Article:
Hagerott complaint added to state board's meeting agenda
BISMARCK—After initially making no official plans to do so, the governing board of the North Dakota University System will be discussing in its meeting Thursday, Nov. 30, embers of the State Board of Higher Education to privately discuss a preliminary labor complaint filed earlier this month by Lisa Feldner, an NDUS vice chancellor fired by Hagerott in September. The session will be limited to board members with voting status, as well as nonvoting advisers, the board's executive assistant and legal counsel.
Feldner, who also served as Hagerott's chief of staff until shortly before her termination, submitted on Nov. 17 a set of accusations against Hagerott and SBHE leaders to the North Dakota Department of Labor and Human Rights. Her allegations, outlined in a 17-page narrative of her time working with the chancellor, include claims that Hagerott made use of discriminatory practices based on age, gender and health, among other things. Feldner also claims that her termination, which was "without cause," was retaliatory in nature.
During the time included in her narrative, Feldner states that leaders of the SBHE—including current board Chair Don Morton and former Chair Kathleen Neset—did not take adequate steps to address the allegedly hostile environment in the NDUS office. She has called for an official investigation of the NDUS office, which may be carried out either by the state Department of Labor or the federal Equal Employment Opportunity Commission.
Both Hagerott and board leaders have said they "strongly disagree" with Feldner's claims, which they have described as a "distraction" from the work of the board and of NDUS in guiding higher education in North Dakota.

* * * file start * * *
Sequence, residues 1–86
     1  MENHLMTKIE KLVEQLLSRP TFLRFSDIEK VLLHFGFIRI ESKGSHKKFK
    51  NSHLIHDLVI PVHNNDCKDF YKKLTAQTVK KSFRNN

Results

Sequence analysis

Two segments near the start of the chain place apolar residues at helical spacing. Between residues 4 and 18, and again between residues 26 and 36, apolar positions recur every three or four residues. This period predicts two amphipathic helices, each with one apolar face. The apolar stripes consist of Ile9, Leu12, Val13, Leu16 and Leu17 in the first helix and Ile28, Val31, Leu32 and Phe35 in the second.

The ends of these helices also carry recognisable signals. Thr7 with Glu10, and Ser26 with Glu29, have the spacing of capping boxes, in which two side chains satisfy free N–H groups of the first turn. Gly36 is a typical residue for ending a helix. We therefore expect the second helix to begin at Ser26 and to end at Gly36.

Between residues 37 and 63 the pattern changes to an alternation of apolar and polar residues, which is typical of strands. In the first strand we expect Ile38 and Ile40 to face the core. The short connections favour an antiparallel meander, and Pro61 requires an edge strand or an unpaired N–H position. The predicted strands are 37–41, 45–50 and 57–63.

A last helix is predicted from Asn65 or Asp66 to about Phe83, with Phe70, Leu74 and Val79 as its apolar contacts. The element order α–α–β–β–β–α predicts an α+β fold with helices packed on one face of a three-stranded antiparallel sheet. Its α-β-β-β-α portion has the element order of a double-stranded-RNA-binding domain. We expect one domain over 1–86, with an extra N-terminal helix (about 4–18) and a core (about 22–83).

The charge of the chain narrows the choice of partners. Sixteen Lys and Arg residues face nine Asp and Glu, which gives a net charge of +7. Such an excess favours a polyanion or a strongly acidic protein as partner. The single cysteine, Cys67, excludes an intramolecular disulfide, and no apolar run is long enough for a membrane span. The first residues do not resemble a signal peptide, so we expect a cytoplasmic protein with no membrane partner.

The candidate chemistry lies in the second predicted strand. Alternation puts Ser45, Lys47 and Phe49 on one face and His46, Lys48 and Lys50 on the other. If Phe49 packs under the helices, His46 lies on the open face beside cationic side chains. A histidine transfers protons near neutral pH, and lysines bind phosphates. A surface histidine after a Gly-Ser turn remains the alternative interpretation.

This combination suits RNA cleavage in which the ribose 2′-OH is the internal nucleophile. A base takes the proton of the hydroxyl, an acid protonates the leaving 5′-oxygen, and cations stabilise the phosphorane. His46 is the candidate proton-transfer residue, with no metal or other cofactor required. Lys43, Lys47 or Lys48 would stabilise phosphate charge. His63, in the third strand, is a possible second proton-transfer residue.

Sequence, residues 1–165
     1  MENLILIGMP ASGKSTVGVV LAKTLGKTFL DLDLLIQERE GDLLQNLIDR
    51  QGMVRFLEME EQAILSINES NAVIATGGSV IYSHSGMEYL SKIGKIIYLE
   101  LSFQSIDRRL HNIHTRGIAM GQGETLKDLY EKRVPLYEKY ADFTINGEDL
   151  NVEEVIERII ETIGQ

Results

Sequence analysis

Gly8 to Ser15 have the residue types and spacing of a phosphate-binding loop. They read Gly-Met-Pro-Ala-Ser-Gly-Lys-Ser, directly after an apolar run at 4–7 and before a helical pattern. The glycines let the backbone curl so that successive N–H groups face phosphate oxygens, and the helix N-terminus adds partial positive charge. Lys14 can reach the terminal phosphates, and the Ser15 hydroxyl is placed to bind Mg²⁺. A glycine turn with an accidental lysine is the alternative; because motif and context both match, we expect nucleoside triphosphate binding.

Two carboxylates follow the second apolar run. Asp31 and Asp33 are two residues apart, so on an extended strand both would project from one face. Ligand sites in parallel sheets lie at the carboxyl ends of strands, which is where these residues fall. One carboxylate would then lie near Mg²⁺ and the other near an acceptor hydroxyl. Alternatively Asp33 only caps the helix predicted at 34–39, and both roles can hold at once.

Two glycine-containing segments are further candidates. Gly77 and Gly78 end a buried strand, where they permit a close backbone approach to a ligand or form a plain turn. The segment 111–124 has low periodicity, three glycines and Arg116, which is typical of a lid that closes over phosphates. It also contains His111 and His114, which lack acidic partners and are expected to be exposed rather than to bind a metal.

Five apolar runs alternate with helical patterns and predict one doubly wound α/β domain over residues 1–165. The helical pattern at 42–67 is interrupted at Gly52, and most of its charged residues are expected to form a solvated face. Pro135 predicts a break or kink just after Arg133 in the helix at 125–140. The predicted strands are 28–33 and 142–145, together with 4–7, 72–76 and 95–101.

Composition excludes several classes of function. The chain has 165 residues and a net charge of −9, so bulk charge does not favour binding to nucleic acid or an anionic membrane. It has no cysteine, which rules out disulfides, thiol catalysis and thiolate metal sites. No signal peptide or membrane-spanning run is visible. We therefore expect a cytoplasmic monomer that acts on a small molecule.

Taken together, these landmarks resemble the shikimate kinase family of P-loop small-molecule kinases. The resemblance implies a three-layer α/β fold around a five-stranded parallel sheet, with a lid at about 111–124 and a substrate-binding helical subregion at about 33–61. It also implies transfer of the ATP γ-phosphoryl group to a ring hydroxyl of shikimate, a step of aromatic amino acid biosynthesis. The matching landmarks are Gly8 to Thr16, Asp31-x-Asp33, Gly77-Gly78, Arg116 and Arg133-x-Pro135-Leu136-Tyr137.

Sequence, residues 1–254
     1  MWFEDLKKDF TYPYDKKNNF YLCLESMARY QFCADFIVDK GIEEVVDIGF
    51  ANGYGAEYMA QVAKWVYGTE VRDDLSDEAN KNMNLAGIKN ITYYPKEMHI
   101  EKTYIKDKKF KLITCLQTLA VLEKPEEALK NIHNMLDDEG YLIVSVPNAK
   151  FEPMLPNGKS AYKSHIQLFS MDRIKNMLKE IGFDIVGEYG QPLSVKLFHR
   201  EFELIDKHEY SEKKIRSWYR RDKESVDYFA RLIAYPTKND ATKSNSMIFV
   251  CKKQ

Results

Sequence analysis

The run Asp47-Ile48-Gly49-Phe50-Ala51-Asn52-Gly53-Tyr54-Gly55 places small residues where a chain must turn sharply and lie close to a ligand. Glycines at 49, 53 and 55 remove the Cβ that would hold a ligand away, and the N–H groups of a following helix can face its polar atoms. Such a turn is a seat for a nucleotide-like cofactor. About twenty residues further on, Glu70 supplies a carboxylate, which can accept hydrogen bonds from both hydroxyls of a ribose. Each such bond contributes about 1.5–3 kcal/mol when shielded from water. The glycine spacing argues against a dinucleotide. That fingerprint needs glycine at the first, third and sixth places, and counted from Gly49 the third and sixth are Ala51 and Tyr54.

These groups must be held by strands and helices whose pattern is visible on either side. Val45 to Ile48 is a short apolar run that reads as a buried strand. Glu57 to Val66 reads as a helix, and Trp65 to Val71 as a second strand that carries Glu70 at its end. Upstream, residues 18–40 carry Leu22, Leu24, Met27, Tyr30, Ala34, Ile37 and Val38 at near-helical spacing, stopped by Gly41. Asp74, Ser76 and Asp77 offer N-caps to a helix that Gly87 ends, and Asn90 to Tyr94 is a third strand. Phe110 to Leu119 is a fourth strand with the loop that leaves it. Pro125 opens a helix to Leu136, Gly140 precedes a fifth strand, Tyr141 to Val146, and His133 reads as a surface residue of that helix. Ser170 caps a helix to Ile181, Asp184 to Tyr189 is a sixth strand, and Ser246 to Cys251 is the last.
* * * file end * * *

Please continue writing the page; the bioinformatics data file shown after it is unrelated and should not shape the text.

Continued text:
The addition of the executive session for discussion of Feldner's allegations wasn't the only change of its kind made Wednesday to the SBHE agenda. The board will also go into executive session later in the meeting to discuss a claim made regarding the A. Glenn Hill Center at North Dakota State University. The $29.4 million center houses courses with a focus on science, technology, engineering and mathematics, a package known as STEM, and is the newest academic building on the NDSU campus. It is not yet clear what the claim refers to.
The SBHE is also set to cover a wide range of other items in its regular open session, including the recently announced higher education governance task force created by Gov. Doug Burgum, as well as system policies regarding intellectual property royalties and the minimum credit hours to confer a student certificate of completion.
The board will also hear a proposal to reduce its current monthly, in-person meeting schedule to a new calendar that would only have an annual total of four face-to-face meetings, interspersed as needed with digital gatherings. The proposal has drawn an official letter of concern from a statewide faculty group, which claims the shift would reduce transparency while reducing the board's connection to the 11 NDUS campuses.